How to make traveling a possibility (and a priority) as a poor college student
Contrary to popular belief, not all Chapman students are trust fund babies. Really, who knew?
Between classes and Greek life events, some Chapman students actually have to work their asses off to pay for tuition, rent and groceries.
Yet miraculously, some Chapman students actually save money to travel the world, too.
How in the world is that possible?
There are so many different money-saving tactics to make traveling throughout college a possibility, and these Chapman students are spilling all their secrets to success.
Madi Dewey, a sophomore public relations and advertising student, works as a Chapman tour guide, an SGA sophomore class senator, and she works in the Chapman Law Library.
“I try and save half of every paycheck I earn, and then from there, I have a monthly budget. I break down everything, from rent to groceries to sorority dues and eating out,” stated Dewey.
It also helps that Dewey recently won $1,600 on “Let’s Make a Deal,” which she is putting toward her summer trip to Florence, London and Paris.
Dewey has some other special tactics that allow her to save money to travel. “A huge thing that keeps me conscious of how much I’m spending is keeping all my receipts in my wallet each week,” explained Dewey. “I hate when I have 30,000 receipts jammed into my wallet, and so I am less likely to spend as much.”
Dewey also uses a credit card that earns points, which she exchanges for cash back. Dewey said that she never spends more money than she has on her credit card, but she makes all of her purchases with it, and puts her cash back into savings.
Another favorite practice of Dewey’s is going through her closet before she buys anything new. “For me, knowing that I can’t buy that skirt until I go through my existing skirts usually stops me from buying it.”
Matt Molnar, a senior business and finance major has work-study, but also works small jobs here and there, to save up money to travel. This summer, Molnar plans to visit Madrid, Barcelona, Berlin and Prague.
Molnar’s best tactics for saving while abroad are staying in hostels and scouring the Internet for the cheapest possible transportation. Molnar explained that since you only sleep in your hostel, it does not matter how nice it is. And in addition, hostels are a great place to meet other like-minded travelers.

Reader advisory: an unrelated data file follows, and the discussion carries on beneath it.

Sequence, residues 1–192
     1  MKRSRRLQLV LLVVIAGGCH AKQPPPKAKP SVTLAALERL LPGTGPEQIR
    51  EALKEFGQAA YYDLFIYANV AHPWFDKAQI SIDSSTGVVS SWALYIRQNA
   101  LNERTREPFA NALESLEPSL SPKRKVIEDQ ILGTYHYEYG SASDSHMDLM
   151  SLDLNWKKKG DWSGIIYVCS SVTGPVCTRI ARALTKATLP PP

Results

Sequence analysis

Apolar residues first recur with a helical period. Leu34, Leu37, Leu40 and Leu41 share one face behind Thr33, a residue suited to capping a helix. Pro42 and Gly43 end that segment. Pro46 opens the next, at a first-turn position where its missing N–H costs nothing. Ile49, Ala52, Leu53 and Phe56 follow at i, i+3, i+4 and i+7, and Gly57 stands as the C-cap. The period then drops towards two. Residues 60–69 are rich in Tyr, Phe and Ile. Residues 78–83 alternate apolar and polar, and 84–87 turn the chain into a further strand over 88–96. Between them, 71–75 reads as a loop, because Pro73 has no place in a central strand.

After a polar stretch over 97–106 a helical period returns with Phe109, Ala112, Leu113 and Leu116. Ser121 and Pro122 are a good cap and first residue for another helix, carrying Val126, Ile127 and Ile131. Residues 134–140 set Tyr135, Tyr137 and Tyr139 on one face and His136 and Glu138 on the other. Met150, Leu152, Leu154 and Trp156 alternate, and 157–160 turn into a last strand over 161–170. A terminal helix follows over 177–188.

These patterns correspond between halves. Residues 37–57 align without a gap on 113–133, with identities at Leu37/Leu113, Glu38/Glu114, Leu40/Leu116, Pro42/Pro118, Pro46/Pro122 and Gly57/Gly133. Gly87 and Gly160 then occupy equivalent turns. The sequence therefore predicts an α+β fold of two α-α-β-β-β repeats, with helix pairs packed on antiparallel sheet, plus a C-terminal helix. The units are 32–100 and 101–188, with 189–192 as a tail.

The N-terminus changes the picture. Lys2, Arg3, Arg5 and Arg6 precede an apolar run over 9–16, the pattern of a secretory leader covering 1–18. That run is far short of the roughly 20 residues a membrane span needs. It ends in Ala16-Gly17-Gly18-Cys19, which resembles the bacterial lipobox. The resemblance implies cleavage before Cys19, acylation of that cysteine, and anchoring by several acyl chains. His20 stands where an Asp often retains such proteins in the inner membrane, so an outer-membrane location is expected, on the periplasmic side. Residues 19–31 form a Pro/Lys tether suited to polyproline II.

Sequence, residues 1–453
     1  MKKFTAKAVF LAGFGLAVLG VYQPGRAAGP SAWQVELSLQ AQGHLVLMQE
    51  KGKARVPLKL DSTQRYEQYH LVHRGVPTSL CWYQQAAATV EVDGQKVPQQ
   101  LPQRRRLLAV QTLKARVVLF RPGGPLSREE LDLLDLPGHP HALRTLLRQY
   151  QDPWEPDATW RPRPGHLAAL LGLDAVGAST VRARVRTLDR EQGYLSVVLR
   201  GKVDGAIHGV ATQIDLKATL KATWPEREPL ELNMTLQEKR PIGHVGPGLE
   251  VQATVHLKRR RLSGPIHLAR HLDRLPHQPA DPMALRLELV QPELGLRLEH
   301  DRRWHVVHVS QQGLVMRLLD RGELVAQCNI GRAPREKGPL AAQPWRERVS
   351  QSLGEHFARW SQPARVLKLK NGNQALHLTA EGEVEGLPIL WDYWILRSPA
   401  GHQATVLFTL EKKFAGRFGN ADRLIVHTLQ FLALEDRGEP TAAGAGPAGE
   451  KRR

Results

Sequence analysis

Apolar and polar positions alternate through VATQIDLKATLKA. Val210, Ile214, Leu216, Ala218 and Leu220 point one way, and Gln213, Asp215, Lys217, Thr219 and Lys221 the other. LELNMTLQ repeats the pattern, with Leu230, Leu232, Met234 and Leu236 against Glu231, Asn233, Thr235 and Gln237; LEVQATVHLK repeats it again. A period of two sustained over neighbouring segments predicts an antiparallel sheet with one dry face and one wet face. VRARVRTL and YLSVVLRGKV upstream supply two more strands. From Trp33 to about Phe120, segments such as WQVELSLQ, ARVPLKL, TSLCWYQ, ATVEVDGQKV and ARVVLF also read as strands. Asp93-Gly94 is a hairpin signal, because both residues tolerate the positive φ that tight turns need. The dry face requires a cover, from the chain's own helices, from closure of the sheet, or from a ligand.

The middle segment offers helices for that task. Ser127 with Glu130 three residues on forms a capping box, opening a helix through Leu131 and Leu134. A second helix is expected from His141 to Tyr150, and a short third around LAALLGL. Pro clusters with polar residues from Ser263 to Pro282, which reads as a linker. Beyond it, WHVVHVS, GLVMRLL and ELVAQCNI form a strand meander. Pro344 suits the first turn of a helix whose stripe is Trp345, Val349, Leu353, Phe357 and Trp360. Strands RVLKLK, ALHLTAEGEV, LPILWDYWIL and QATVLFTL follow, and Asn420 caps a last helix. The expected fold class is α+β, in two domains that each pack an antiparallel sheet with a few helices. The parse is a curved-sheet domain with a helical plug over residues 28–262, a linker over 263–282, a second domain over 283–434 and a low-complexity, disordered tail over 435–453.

Nora Flickinger, a junior strategic and corporate communication major, has responsibilities and obstacles that hinder her from traveling, but she still manages to go on one trip per year.
With a full-time job, 15 units at Chapman, a new puppy to care for, and expenses such as student loans, car payments, car insurance, and much more, Flickinger still tries to travel occasionally.
“To save for travel, I put all my tips in a jar and I don’t open it until I have found a destination I want to travel. Then I plan and budget accordingly until my departure date,” said Flickinger.
Paige Duddy, also a junior strategic and corporate communication major, works as a nanny while going to school.
Duddy travels during all of her school breaks, usually to destinations within the country, such as New York City, San Francisco, and Miami. But this summer, Duddy plans to travel through France for three weeks, which she is funding all by herself.
“Buying clothes is definitely my weakness,” said Duddy. “But I try to put away at least 10% of each paycheck I get.”
Duddy also added that, lately, she has been putting away at least half of each paycheck, since she has immediate plans to travel, and she can’t afford to waste her money on things like new clothes and eating out.
Not all Chapman students are able to prioritize traveling right now, and that’s okay, too.
Julie Nguyen, a junior biochemistry major, wants to become a doctor and currently cannot fit traveling into her schedule or budget.
Aside from classes at Chapman, Nguyen also does at least ten hours of research at Chapman each week, and she also volunteers at a hospital at least four hours per week. Since neither job is paid, Nguyen cannot save up to travel right now, as her priority is her future career.
Later in life when Nguyen is able to travel, her dream destinations are England, France, Germany, Poland, Australia, New Zealand, Japan, Korea and Taiwan.
“Basically, I really want to travel around the world at some point in my life,” said Nguyen, but at this time, it’s just not within her realm of possibility.